Birth control pills contain a combination of synthetic hormones, estrogen (ethinyl estradiol) and progesterone (progestin); together the hormones suppress ovulation, preventing pregnancy. Since the first birth control pill's introduction 50 years ago, the level of hormones in oral contraceptives has decreased, and that's a good thing, says Berenson. The early pills contained 150 micrograms of estrogen, but today's low-dose pills contain as few as 20 micrograms — enough to reduce but not eliminate side effects in most women.
Besides weight gain, other reported side effects include headaches, nausea, bloating, breast tenderness and decreased sex drive.
Women who take the pills tend to be younger and unmarried with no children. Because they aren't used to the weight fluctuations that pregnancy and hormonal changes cause, they tend to feel and notice the slight weight gain more, Azziz says.
In his experience, one-third of women who start taking oral contraceptives quit within the first few months because of side effects, the chief one being weight gain — or the perception of it.
While women watch their bodies for evidence, doctors look to research. A current physician reference, the Cochrane Reviews, set out to resolve the question of whether birth control pills lead to weight gain.
The reviewers analyzed 595 studies that tracked oral contraceptives and their side effects. They filtered out studies that were too short, not well-controlled or lacked an adequate means of measuring weight, often relying on women's self-reporting. Of the 47 studies that did qualify, the authors said, "The quality of the reporting of the trials on this topic was generally poor."
Studies were also difficult to interpret and compare because they involved many varieties of pills and regimens, which complicated consensus.
The paper, published in 2008, concluded: "Given the number of contraceptive drugs, doses and regimens, the possibility that one or more combination contraceptives could cause weight gain cannot be eliminated.... The evidence was not strong enough to be sure that these methods did not cause some weight gain."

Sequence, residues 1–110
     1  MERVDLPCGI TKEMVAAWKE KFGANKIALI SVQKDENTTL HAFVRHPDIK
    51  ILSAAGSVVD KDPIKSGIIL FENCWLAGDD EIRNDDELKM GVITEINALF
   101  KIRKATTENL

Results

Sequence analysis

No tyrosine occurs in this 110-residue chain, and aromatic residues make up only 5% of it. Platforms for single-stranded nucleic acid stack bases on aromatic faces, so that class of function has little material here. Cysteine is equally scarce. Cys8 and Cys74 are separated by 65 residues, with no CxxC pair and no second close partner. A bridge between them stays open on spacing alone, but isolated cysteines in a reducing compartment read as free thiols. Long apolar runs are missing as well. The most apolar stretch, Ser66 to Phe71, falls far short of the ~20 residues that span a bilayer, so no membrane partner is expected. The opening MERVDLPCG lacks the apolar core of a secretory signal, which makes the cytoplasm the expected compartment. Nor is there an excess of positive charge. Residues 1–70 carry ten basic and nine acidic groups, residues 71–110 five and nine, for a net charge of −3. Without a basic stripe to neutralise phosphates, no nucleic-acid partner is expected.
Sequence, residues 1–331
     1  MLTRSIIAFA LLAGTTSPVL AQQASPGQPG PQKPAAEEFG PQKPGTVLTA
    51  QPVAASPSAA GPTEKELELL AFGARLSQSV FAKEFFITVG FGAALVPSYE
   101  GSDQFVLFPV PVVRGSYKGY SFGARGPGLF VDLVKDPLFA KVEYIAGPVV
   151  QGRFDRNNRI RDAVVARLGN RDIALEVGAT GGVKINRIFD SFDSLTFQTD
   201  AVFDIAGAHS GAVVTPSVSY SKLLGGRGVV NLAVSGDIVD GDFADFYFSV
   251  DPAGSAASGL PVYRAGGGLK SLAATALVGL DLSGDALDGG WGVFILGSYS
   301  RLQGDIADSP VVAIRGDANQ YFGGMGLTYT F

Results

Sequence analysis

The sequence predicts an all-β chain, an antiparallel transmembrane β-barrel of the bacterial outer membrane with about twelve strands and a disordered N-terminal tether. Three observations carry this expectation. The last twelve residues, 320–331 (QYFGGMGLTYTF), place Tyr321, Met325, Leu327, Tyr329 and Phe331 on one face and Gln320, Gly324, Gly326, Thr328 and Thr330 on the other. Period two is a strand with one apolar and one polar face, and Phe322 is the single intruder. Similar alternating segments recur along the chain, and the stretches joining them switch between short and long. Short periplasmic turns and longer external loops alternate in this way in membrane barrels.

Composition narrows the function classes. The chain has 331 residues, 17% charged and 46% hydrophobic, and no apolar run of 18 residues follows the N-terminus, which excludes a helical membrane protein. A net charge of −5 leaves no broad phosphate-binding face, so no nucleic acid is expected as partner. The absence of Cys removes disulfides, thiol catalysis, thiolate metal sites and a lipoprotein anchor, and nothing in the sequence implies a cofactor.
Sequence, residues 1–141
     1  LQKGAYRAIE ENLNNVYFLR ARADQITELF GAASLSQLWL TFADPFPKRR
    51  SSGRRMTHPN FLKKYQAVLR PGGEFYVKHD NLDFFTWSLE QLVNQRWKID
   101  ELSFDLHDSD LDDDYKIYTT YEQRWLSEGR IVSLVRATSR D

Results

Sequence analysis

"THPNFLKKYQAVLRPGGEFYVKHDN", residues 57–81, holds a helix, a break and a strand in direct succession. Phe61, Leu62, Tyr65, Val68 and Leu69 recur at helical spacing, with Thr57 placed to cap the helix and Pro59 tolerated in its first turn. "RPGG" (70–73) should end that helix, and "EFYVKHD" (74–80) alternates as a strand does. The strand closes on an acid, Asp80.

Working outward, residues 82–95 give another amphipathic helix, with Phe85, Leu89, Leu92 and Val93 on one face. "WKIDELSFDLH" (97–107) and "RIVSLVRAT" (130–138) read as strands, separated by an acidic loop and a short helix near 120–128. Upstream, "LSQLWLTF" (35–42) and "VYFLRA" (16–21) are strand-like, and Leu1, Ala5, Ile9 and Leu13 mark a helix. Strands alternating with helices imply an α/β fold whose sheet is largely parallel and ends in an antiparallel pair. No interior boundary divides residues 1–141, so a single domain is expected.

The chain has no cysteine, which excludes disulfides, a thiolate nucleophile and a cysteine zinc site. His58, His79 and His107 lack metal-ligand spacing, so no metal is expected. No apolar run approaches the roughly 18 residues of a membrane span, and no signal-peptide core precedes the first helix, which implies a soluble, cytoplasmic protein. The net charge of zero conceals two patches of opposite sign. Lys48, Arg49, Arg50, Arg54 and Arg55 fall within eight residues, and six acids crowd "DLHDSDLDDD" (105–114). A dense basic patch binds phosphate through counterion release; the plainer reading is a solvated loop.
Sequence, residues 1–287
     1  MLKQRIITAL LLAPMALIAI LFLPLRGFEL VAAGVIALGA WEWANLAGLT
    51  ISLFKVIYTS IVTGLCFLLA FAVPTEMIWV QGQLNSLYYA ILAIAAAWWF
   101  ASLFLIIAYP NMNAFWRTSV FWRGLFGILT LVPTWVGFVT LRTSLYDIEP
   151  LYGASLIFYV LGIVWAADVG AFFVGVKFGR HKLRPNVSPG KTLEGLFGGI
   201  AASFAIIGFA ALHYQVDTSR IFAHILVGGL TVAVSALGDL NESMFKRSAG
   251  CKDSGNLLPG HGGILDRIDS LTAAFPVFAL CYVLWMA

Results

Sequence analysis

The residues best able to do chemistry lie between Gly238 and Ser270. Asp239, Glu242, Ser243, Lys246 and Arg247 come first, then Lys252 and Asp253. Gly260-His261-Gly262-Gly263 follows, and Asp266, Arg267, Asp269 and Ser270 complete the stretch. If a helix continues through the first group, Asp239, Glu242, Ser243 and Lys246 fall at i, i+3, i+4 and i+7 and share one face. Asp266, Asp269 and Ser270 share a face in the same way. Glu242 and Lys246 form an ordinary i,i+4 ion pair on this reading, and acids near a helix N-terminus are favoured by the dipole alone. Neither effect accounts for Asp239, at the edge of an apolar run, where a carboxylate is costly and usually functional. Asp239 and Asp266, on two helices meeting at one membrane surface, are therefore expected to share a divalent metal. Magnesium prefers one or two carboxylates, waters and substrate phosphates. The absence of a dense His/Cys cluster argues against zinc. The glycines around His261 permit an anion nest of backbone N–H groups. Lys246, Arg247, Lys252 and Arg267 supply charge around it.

That's not the same as saying that oral contraceptives do not cause weight gain, but many doctors interpreted the report that way.
More recently, in a study published last month in Human Reproduction, researchers assessed whether oral contraceptives caused weight gain in rhesus monkeys.
The yearlong study, conducted at the Oregon Health and Science University's National Primate Research Center, focused on rhesus monkeys because their reproductive systems are very similar to those of humans. While conceding that the subjects were monkeys, not people, the authors said that the findings "suggest that worries about weight gain with pill use appear to be based more on fiction than fact."
A problem with averages
Another reason women and doctors view the potential for weight gain differently is because studies average data. Many women don't gain weight on oral contraceptives, some do and some lose. When all that averages out, the net result is little to no overall gain. But tell that to the women who suddenly can't zip their jeans.